MONEY TALKS IN THE ENDORSEMENT PROCESS

February 25, 2015
by
3 mins read

Up until about a year ago, I was just another average voter. I’d never worked on a campaign or run for office, and I assumed, like many people do, that the endorsement process was in place to help educate voters like me on which candidates most closely aligned with my core values. Now that I am running for office, I’m learning more and more each day how that isn’t necessarily the case, and how money influences politics more than most people realize.

When I’m out meeting voters, people routinely talk to me about what they refer to as the “good ol’ boys network,” and how politics is just for people who are part of some mysterious group of people already in power who are helping each other stay in charge. They tell me how politics is off-putting and how it discourages people from voting because there is a sense that you have to “play ball” in order to get anywhere. The truth is, when people do step up to try to change that perception and offer a different choice for how things should be done, they’re shot down without ever being considered by many people, specifically for not fitting in with the typical mold of how a politician should look.

I came out strongly against how money influences our local politics, and early on swore off taking money for my campaign because I believe that things need to change. People told me I needed money to win, but what I’m finding out now is that candidates really need money to even be taken seriously at all.

Most organizations offering endorsements for our local elections have created their own ways of determining if a candidate is a viable choice, and more often than not, that threshold for viability revolves around how much money a candidate has raised. I had always just assumed that if an organization I trusted and respected endorsed a candidate, then that candidate shared the views of the organization. What I’ve found out is that often, that isn’t the case. A lot of otherwise great organizations simply endorse the candidate who has the most money or who raised enough money to satisfy some financial metric they’ve created, so people can essentially be tricked into voting for someone with values they don’t support.

There are many groups, unions and organizations whose endorsements have been announced recently who never even interviewed or contacted me or candidates like me who have little or no money in their campaign accounts.

The newly formed Young Voters Coalition, a group focused on getting young voters more engaged in politics, in part by “endorsing like-minded City Council candidates,“ has a minimum threshold of dollars that a candidate needs to raise in order to be considered viable. Even the Sierra Club, which has endorsed candidates who support dredging the St. Johns River, cited a candidate’s “chances of winning” as a major factor in whom they endorse.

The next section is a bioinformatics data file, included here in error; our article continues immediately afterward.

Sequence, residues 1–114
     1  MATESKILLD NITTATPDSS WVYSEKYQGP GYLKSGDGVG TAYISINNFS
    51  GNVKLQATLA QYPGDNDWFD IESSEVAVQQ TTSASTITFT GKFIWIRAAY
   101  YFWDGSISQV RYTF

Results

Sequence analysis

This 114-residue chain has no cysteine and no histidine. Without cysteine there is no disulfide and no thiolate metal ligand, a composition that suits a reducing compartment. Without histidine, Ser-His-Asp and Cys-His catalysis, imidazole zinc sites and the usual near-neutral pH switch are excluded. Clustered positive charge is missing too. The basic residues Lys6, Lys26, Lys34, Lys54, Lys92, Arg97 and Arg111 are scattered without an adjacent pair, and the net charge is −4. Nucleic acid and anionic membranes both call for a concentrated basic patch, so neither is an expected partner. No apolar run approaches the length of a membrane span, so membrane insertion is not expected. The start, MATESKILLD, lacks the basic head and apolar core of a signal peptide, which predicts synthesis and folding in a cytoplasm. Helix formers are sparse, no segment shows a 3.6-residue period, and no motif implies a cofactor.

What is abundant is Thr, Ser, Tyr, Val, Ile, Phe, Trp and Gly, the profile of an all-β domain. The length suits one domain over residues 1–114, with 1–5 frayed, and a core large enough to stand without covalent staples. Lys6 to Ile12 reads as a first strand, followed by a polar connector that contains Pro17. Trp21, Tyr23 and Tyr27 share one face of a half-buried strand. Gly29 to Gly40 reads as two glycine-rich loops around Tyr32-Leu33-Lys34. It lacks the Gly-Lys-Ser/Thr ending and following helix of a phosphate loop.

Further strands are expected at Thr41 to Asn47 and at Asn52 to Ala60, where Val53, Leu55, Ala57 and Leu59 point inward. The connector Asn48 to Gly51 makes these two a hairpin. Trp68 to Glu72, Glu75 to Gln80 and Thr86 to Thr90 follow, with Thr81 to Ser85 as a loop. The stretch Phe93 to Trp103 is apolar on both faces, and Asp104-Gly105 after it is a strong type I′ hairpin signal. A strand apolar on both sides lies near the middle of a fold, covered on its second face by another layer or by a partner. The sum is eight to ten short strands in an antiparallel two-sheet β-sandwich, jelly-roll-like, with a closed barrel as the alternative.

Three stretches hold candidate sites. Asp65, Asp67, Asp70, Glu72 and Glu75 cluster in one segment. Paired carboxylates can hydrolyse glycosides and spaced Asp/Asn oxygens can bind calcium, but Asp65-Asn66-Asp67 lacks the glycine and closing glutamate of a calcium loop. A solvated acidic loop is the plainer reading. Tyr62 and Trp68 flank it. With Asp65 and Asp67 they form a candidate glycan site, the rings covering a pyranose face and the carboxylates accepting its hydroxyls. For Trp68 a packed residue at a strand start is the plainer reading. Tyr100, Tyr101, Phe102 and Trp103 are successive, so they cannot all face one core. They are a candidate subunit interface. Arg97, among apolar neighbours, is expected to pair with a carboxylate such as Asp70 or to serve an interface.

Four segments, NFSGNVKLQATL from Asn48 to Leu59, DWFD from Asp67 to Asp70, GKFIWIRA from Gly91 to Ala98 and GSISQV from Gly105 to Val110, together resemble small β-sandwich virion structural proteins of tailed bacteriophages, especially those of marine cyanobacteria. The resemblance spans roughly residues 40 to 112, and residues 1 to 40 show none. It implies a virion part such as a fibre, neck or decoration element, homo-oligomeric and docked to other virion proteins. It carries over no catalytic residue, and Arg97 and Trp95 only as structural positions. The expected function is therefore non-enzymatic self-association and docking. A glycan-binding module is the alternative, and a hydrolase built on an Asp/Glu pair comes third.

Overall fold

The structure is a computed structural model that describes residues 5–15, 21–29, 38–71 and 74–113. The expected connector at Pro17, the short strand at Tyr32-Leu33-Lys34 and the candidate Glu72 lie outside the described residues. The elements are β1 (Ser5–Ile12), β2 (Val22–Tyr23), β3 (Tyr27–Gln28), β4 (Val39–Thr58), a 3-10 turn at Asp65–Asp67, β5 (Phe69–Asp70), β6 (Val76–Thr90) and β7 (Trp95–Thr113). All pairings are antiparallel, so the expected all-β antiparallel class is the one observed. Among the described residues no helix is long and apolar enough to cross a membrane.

I bring up these specific organizations not to defame them, but because I think it is important to let the voters know the real reasons organizations endorse candidates. For example, if I saw a candidate at Equality Florida events, marching in the pride parade, coming out as a straight ally, and celebrating wedding ceremonies in Hemming Plaza, but then saw that Equality Florida had endorsed his opponent (an opponent who actually voted against a fully inclusive human rights ordinance when he had the chance), then I’d be confused. I’d wonder what’s going on. Equality Florida’s main goal is to pass an inclusive HRO, and they didn’t even endorse James Eddy, the only openly gay candidate running, because they didn’t consider him “financially viable.” It all seems very counterintuitive, if you ask me.

I think these groups are great organizations, with great missions and great people. I just think it’s sad that the system essentially forces them to endorse someone who may not completely represent their mission simply because money is the only way to determine if a candidate is “viable.”

I didn’t raise funds for my campaign because I saw it as extremely wasteful and because I don’t want to owe anyone any favors when I get elected, but the system we have in place makes it unnecessarily difficult for regular citizens to run for office, even on a local level. You run because you want to make a difference and then find out that you really do have to buy your way in. Then we all wonder why things are the way they are.

I still think people should donate money to these causes instead of to my campaign. Your money will do a lot more good there than buying me 10,000 “Vote for Tetlak” buttons, or an advertisement for a book I wrote, or whatever else candidates waste their money on these days. I just think it’s important for people to know that an endorsement, even from these great organizations, may not mean exactly what you think it does. It truly is up to voters to know for whom they are voting — otherwise we’ll just end up getting stuck with even more of the same.

The author is a candidate for Jacksonville City Council, District 14.

Folio is your guide to entertainment and culture around and near Jacksonville, Florida. We cover events, concerts, restaurants, theatre, sports, art, happenings, and all things about living and visiting Jax. Folio serves more than two million readers across Jacksonville and Northeast Florida, including St. Augustine, The Beaches, and Fernandina.

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